Four students from Newcastle University have joined Reflections, a Ubisoft studio, for internships during which they will help develop several highly anticipated video games.
Computer Game Engineering postgraduate students Alex Brown, 21, Wojciech Musialkiewicz, 23, Lauren Brown, 22, and Dimitrios Kamileris, 25, have started a one-year internship at Reflections. The interns, who are working with the teams developing Just Dance 2015, The Crew and Tom Clancy’s The Division, are the latest in a long line of recruits at the studio from Newcastle University.
Alex, from Seaton Sluice Northumberland, said: “Being involved in a wide-range of projects and working with multidisciplinary teams is extremely rewarding. The feeling of achievement when you help bring a quality product to millions of people around the world is amazing.
“This internship is a great opportunity to continue learning and building up on my academic training. I would recommend a placement to anyone who considers a career in gaming – it’s a great way to build a portfolio of skills and practical experience.”
Lauren, who is from Lichfield near Birmingham, is a part of the gameplay team developing Tom Clancy’s The Division. She said: “Going from the lecture theatre to the studio and working on one of the biggest names in the gaming industry is a great opportunity to do something I’ve been passionate about since I was a kid.
“A highly anticipated game like the Division demands quality and high standards. Luckily the Computing Science courses at Newcastle University have given me the skills and experience to tackle the challenge”, added Lauren.
The gaming industry in the UK generates more money than the film and music business put together, according to the industry trade body TIGA. The majority of game developers have a background in the STEM (Science, Technology, Engineering, and Mathematics) fields. And whilst there are incredible career opportunities, the video game industry still suffers from skills shortages.
The Computer Games Engineering group at Newcastle University works closely with the UK game industry to equip graduates with the scientific and mathematical skills to ensure a successful career in game development.
The MSc Computer Game Engineering programme at Newcastle University is accredited by the industry body Creative Skillset. This year Creative Skillset is providing 50% of the interns’ funding to Reflections - a collaboration that has enabled the studio to double the intake of university interns.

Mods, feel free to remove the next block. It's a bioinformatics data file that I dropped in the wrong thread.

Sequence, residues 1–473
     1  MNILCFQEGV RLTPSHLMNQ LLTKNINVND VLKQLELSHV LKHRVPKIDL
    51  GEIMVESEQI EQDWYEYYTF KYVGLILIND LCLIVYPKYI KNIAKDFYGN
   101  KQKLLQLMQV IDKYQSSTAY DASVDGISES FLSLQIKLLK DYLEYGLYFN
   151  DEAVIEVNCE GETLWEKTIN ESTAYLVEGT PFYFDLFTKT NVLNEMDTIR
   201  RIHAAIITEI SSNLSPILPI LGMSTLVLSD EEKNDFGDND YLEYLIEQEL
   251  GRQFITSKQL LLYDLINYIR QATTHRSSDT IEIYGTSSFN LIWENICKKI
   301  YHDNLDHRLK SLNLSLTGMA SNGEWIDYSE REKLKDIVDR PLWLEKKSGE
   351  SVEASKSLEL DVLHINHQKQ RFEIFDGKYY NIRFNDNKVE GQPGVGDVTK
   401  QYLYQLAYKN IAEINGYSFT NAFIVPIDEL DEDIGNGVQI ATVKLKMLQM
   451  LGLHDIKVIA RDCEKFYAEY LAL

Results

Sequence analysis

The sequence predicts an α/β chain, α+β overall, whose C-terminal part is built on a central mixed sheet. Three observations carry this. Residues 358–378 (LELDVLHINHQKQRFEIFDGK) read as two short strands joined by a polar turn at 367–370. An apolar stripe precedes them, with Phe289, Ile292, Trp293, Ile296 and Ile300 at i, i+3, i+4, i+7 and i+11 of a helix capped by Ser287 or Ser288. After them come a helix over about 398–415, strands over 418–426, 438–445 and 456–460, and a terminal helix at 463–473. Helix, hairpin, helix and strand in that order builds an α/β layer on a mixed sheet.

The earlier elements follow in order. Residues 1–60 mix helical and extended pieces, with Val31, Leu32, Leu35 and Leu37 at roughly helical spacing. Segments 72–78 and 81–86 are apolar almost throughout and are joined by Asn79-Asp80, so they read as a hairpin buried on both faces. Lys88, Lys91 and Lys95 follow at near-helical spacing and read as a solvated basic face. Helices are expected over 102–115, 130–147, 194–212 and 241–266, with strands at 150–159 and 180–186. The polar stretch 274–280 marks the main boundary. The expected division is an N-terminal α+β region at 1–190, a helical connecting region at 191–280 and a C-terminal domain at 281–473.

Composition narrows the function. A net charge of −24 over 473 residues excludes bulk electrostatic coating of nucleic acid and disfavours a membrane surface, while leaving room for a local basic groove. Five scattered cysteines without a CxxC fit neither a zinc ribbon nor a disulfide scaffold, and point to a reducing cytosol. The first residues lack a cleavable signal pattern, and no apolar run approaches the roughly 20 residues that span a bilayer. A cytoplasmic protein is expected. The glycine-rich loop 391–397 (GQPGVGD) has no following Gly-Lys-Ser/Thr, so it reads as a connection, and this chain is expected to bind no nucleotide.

Dr Gary Ushaw, Computing Science Teaching Fellow at Newcastle University, said: “We are very proud of our relationship with Reflections, as a leader of the games industry in the north east of England, where our graduates have achieved great success.
“Over 95% of graduates from our Masters course in Computer Games Engineering attain employment in games or related industries. This employment often starts with a placement studentship. I am certain that, with the twin foundations of study on our masters course and invaluable experience with Ubisoft working on top-selling games, Alex, Dimitri, Lauren and Wojciech will go on to have very successful careers in game development.”
Giselle Stewart, General Manager of Reflections, said: “Newcastle University’s computing science degree course is top class and the students consistently outperform their peers in the recruitment assessment process. Year after year the programme turns out high quality graduates with the exact skills we need, and this year’s cohort is particularly strong.
“We aim to provide an experiential learning environment and external opportunities for professional development for our interns. This further boosts their practical experience and cements them as a truly desirable asset. To that end, we have hired every intern we have ever taken on from Newcastle University.”
Reflections is Ubisoft’s Newcastle-based studio. It employs over 200 people and is proud to this year celebrate a 30 year legacy of making games in the North East.
Latest Government figures show that last year 93.7% of Newcastle University graduates were in employment or further education six months after graduating, the highest rate amongst North East universities.
published on: 24 July 2014